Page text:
Deja Vu?

I’m feeling some immediate similarities to Much Ado About Nothing in Acts I and II. It feels like Shakespeare is just changing the direction a little bit, by adding a baby to the mix. I will say that I’m interested to see where the story goes, because Shakespeare’s changes could be his own commentary on Much Ado About Nothing and some of the themes it presented. With King Leontes as the Claudio-like accuser in this situation, could Leontes actually face some retribution of punishment for his accusations? My guess is still no, but I wonder if Shakespeare adds any nuance to the situation that gives Hermione some more agency.

The political scientist student in me views The Winter’s Tale as a criticism of monarchy, though I’m not sure that’s what Shakespeare intended. It feels like a commentary on the pressure and paranoia of being a ruler. I also assume that the monarchy in The Winter’s Tale is based on divine power, as monarchies in Shakespeare’s England were. The invocation of the oracle at Delphi supports this, as Leontes is supposedly looking for a divine signal that Hermione is or is not guilty. To the modern sensibility, this seems ludicrous. Is Shakespeare trying to make the same point, or does he view this as a legitimate form of leadership?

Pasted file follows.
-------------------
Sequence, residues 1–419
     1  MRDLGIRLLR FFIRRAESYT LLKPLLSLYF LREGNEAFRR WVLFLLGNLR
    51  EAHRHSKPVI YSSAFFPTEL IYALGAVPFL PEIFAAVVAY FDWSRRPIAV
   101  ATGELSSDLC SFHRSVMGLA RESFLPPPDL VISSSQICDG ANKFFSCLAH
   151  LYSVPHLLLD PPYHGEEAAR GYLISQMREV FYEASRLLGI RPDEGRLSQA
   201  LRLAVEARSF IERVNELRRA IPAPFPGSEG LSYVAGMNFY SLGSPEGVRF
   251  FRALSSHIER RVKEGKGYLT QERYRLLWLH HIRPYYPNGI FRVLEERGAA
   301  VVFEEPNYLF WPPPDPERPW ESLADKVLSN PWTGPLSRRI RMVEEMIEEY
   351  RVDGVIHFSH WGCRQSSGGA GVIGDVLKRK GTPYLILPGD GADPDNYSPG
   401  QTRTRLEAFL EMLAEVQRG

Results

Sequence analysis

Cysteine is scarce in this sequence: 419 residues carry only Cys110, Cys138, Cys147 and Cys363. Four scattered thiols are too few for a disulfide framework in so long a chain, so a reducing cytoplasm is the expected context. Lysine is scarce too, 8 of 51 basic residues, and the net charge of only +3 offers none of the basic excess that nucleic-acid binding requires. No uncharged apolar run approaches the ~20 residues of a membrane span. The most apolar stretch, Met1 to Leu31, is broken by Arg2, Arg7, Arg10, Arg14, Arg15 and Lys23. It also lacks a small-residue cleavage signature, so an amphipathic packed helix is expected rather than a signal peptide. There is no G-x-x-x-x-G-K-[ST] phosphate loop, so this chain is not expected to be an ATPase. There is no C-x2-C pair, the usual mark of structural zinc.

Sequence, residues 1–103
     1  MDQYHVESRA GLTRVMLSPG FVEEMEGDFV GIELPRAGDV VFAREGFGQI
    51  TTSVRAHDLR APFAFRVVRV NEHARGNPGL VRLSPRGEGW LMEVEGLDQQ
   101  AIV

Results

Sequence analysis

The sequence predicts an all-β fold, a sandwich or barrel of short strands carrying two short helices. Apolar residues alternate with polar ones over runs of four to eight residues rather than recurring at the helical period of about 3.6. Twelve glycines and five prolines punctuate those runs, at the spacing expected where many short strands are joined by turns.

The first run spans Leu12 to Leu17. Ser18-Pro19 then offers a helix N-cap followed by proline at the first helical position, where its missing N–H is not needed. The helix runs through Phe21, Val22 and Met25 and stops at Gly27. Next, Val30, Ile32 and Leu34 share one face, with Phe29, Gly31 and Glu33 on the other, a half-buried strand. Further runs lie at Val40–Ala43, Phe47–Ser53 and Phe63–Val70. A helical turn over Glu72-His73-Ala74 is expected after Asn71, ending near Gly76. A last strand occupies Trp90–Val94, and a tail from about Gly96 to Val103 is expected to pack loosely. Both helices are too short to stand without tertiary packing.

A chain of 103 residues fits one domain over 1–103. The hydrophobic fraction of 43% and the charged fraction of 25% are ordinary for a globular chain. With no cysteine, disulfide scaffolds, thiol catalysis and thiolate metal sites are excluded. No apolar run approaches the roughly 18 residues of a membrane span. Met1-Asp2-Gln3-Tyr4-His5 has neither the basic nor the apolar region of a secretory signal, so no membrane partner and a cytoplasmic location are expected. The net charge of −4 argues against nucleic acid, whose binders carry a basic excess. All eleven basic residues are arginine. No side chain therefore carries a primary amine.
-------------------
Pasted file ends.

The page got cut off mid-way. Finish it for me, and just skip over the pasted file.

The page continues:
5 comments

  1. When I read Acts 1 and 2 I also saw the comparisons to Much Ado About Nothing, it was as if we never got over the topic of infidelity. I am excited to see this play out and as you mentioned, with Hermione have more agency? Will Leontes be held accountable.?

  2. I thought the invocation of the Oracle, as you say, was also incredibly interesting. It made me wonder how people in Shakespeare’s time thought about other religions or God’s and if this was Shakespeare’s way of denouncing them. Did the English look down on other religions or God’s? Did they think other countries were lesser because of their different religious beliefs?

  3. What I find interesting about the mention of the oracle, is that she comes from a different faith tradition, which was apparently permissible for the censorship of the time. However, if Shakespeare had talked about Catholicism, I don”t think that would’ve gone over well. The hypocrisy of religion tolerance is an interesting dynamic to consider.

  4. I also saw some similarities with Much Ado. I agree, I hope Hermione is not guilty of cheating and that Leontes actually faces some retribution of punishment for his accusations. I think this beginning really drew me into the play and I’m curious to see what will happen.

  5. I agree that so far, Winter’s Tale has continued some of the commentary on gender and fidelity from Much Ado. I like how you pull leadership into this post because I was also trying to figure out who and how the characters lead in the play. In Much Ado, the person with the most formal title was Leonato, but he didn’t seem to have much influence on the plot. Leontes however, seems like he will have more power over the characters and more say about what happens to them, even if it is under the guise of a “divine message”.

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